Pension fund managers are called upon by the UK’s Treasury manager to “be more active in challenging company bosses to stop them making reckless decisions”. On big American companies getting rid of their executive planes, which also represents a business opportunity: “economy consumer airline Jetblue Airways Corp (JBLU.O) is running an advertising campaign that welcomes aboard big cheeses, bigwigs and head honchos — all those who might need to ditch the private jet.” India’s Industry of Chartered Accountants plans to set up Corporate Governance ratings in light of recent governance/audit scandals.
In Canada, Sun Life becomes the eighth major Canadian company to agree to “say on pay”, giving shareholders an advisory vote in determining executive compensation. The TMX group adopted the policy the day before, in addition to six major banks. Shareholder activist groups have been calling for Say on Pay through shareholder proposals, though TMX adopted the policy voluntarily. On 2009 as “the year of proxy fights” amongst mining companies. Canada’s financial regulation model touted internationally.
Though Biovail reports increased profits for 2008, former CEO Eugene Melnyk (who maintains 11% ownership of the company) is still calling for a shareholder vote on “several resolutions to bolster Biovail’s corporate governance practices”. Melnyk’s attempt to overthrow the Biovail board failed in 2008, and he is still faces Ontario Security Commission proceedings for activities during his tenure as Biovail CEO. HudBay Minerals currently facing takeover attempt.
Corporate Goverance Lessons from MPL Communications Inc.— court decision comes down citing that “the affairs of the company have been run in a way that is either prejudical to, or disregards, the interests of the minority shareholders”. Notable were excessive fees paid to a private company owned by two senior managers, interest-free loans to said company, and dubious claims of Director independence. “Two Ways to Fix Corporate Boards” includes board self-improvement at best, and proxy access if all else fails.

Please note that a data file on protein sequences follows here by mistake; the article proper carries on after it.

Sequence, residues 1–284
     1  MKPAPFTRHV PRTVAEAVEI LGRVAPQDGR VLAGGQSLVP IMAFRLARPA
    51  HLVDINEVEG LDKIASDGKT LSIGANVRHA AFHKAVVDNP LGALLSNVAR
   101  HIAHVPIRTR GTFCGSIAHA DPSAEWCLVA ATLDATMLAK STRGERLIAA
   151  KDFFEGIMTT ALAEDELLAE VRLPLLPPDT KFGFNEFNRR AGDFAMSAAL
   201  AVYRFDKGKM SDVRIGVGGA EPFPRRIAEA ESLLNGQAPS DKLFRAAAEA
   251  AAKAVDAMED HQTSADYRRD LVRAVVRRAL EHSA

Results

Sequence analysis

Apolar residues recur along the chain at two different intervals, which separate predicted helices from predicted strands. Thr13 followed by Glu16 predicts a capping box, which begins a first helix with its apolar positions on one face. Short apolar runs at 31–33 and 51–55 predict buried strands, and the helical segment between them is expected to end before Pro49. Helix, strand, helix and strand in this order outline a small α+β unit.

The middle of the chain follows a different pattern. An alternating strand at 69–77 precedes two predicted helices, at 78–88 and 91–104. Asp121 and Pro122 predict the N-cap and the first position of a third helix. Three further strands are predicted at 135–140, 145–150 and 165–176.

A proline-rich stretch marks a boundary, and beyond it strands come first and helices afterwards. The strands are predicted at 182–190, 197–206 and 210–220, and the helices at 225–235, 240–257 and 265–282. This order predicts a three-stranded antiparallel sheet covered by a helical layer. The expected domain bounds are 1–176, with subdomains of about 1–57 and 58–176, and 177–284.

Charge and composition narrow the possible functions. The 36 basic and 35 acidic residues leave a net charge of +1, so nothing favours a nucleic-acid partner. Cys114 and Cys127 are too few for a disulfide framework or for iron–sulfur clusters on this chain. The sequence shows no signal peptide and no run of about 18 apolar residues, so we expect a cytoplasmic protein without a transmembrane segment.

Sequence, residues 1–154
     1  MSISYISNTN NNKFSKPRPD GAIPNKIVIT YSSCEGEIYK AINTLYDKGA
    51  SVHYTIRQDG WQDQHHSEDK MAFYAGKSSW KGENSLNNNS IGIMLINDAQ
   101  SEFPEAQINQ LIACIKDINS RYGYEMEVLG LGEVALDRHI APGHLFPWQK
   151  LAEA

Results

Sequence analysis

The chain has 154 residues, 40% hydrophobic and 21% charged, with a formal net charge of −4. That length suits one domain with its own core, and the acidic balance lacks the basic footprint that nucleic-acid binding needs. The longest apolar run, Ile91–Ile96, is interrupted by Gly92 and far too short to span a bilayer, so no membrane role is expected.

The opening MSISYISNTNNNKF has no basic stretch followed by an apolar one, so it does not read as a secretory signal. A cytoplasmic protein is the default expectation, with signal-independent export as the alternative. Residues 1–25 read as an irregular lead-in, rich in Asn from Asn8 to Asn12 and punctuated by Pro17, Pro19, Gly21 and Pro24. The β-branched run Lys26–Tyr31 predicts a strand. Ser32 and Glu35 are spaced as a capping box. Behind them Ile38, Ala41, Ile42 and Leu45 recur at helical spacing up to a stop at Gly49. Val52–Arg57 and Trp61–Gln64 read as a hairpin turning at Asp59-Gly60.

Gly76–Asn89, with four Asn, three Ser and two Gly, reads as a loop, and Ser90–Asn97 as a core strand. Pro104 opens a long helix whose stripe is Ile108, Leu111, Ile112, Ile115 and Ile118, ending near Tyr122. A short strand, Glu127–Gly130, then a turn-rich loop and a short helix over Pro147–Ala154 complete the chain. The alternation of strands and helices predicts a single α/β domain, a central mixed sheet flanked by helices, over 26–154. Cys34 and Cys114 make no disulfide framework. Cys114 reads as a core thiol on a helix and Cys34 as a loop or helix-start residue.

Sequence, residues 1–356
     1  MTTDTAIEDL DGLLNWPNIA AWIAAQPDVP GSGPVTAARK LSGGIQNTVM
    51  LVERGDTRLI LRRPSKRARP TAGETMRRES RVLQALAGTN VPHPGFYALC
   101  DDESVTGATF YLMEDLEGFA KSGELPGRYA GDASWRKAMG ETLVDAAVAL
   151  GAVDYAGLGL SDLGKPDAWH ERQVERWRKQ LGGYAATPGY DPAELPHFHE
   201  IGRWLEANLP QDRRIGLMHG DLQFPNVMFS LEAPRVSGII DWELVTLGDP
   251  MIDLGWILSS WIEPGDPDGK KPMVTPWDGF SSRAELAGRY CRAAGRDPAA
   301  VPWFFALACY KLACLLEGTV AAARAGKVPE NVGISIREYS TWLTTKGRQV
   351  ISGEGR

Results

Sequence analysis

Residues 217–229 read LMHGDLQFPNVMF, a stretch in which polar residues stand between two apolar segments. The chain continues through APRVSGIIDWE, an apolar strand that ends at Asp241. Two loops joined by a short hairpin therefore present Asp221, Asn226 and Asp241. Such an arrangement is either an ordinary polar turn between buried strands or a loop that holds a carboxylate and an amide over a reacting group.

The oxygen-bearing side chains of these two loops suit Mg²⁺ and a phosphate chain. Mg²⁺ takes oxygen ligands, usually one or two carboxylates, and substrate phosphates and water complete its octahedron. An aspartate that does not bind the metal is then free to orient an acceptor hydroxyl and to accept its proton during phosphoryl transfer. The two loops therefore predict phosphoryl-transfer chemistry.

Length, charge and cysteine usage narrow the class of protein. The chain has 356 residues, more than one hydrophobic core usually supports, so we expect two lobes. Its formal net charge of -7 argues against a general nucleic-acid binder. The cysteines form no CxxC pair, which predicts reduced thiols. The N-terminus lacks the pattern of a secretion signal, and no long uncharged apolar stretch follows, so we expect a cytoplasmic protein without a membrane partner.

On how the US federal government’s increased stake in Citigroup may be undermining shareholders and corporate governance principles. At the same time, global investors call on President Obama to instate UK (and Canadian) style “comply or explain” corporate governance model. And on the role of business ethics courses in response to economic meltdown. UK Investment Fund F&C blames corporate governance failures for current financial crisis: “We believe that a failure in governance lies at the heart of the banking crisis. The events of the last few months have confirmed that the soaring pay packages for top bank executives were driven by extraordinary risk-taking rather than real, sustainable profits. Investors can be part of the solution, by spotting red flags and using their influence as shareholders to press for better governance practices.”
Nell Minow on “outrageous” CEO pay, and who is to blame: “I will tell you that the biggest disappointment I’ve had in this mess has been the absolute vacuum of leadership on the part of the business community… And we have completely failed to address the demand side of corporate governance, which is what shareholders must do. Shareholders have reelected these directors, have approved these pay plans, and have been enablers for the addictive behavior of the corporate community.”